East Tennessee State University student Gary Hultman comes from a musical family in Birchdale, Minn. He started playing music after his aunt decided to take fiddle lessons. Then her husband, their daughter and son, Hultman’s parents, brother and grandmother all chose musical instruments, too. That was the beginning of their family band, Sloughgrass.
At age 10, Hultman became a dobro player in the group, and he loved the instrument immediately.
Hultman says, “We mostly played in nursing homes and churches, but over the years we have been able to play more and more venues. A few years ago we were even fortunate enough to play at the Minnesota State Fair.”
When it came time for college, Hultman learned about ETSU and its Bluegrass, Old Time and Country Music Studies from a friend. He explains, “I wasn’t sure about much of anything until I visited the university, and when I did, I knew this was exactly where I wanted to be. Everyone I met was welcoming—and the program is incredible.
“My best experience here is getting to play with the ETSU Bluegrass Pride Band. So many opportunities and experiences have stemmed from that. I feel incredibly lucky to be able to travel with those amazing musicians and to call them my friends.”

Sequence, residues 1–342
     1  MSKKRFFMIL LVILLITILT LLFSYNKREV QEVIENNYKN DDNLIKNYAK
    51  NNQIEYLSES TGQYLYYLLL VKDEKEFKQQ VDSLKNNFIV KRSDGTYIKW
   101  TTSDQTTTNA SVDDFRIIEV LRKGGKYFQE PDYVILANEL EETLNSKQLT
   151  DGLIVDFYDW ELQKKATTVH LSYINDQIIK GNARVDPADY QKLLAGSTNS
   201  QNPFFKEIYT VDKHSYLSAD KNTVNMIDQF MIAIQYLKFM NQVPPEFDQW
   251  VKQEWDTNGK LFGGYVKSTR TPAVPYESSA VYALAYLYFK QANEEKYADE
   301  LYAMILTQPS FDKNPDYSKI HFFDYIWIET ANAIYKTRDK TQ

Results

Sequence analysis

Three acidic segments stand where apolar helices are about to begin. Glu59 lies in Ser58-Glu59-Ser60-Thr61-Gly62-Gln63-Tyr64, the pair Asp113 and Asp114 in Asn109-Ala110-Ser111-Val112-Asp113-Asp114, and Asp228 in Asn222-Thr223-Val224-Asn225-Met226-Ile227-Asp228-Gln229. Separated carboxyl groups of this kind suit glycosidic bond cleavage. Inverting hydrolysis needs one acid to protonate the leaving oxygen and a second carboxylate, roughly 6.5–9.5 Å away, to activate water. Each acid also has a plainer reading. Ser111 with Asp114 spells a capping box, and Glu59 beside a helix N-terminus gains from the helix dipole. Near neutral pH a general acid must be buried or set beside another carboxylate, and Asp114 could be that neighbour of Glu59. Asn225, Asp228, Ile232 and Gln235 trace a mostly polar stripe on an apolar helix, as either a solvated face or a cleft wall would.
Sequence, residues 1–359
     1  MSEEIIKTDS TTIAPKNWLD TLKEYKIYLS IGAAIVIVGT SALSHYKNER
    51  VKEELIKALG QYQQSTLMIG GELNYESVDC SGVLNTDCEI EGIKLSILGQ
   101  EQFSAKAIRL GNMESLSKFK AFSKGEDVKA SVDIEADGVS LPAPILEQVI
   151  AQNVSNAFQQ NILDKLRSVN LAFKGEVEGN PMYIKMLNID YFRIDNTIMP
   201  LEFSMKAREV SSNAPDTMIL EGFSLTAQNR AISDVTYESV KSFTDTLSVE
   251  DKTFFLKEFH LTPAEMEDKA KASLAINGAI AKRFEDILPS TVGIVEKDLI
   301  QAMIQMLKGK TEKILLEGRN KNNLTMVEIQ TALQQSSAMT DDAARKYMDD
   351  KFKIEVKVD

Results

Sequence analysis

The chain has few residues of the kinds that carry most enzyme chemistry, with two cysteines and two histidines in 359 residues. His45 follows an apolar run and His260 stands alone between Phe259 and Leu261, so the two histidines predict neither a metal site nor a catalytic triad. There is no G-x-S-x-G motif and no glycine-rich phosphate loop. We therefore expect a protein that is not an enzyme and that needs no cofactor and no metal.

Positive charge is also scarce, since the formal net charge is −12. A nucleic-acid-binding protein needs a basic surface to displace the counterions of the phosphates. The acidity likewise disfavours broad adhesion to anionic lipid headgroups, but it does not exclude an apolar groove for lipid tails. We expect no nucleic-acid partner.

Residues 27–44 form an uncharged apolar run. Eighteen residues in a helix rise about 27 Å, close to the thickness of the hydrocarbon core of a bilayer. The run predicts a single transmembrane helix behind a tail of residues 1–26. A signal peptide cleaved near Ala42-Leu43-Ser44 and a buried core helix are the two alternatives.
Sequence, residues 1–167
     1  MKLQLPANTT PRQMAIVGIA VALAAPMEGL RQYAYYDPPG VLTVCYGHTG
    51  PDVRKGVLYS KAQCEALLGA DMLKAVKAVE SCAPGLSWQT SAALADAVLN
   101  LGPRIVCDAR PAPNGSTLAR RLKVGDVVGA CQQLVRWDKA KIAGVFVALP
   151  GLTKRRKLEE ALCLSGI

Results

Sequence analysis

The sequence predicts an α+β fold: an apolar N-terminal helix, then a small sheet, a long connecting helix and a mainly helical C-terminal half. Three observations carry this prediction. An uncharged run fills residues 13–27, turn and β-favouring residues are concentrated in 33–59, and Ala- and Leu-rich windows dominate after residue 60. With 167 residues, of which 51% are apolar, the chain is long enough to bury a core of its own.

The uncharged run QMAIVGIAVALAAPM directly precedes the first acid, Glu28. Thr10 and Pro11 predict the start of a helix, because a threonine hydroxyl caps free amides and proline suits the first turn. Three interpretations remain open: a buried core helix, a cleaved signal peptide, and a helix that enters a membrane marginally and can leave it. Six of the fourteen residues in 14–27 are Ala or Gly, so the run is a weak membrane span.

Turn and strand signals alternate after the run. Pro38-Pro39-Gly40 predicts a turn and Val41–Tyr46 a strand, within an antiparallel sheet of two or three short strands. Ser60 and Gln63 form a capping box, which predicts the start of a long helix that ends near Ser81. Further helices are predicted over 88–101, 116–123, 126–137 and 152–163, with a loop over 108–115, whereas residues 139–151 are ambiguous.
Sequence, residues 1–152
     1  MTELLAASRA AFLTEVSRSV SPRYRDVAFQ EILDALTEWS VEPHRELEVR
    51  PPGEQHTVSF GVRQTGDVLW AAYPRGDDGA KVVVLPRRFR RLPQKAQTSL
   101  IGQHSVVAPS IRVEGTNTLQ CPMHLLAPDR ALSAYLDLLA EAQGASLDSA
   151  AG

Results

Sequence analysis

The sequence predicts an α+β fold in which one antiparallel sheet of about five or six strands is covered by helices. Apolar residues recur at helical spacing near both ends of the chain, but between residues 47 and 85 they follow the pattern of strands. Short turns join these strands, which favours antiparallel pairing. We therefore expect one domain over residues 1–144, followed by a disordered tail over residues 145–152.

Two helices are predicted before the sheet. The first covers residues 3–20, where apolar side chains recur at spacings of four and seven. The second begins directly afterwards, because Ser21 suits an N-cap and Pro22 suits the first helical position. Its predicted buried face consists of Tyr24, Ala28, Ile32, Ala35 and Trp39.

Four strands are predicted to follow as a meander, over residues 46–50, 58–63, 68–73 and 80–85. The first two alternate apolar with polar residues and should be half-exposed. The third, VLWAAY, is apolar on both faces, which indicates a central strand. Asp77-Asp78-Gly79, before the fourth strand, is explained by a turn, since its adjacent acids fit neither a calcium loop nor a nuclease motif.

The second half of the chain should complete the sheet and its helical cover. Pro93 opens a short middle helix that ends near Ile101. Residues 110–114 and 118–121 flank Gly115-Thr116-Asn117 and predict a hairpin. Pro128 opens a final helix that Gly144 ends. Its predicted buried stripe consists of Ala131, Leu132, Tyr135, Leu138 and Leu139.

Hultman is especially proud to have played onstage with greats like Doyle Lawson, Tim Stafford and Hunter Berry.
A sophomore, Hultman has a Benny Sims Memorial Scholarship helping him along his career path. He is majoring in bluegrass and minoring in marketing because, he says, “I believe it is important to learn skills in more than one area. I also believe that this combination of major and minor will work well together as a skill set.”
As for the future, Hultman is definite about his plans. “I would like to work in music,” he says, “whether that means touring and playing professionally, doing session work, or even being employed in the business end of it all. My preference would be to go on the road with a group and perform. That is when I enjoy music the most.”
Music doesn’t absorb all of his time, however. A volunteer fireman in Minnesota, Hultman is now part of the Reformed University Fellowship on campus and traveled on a spring break trip with the group to assist with Hurricane Sandy relief work in New Jersey.
Hultman explains, “That was an incredibly eye-opening experience. I hope there will be more opportunities like that in my future.”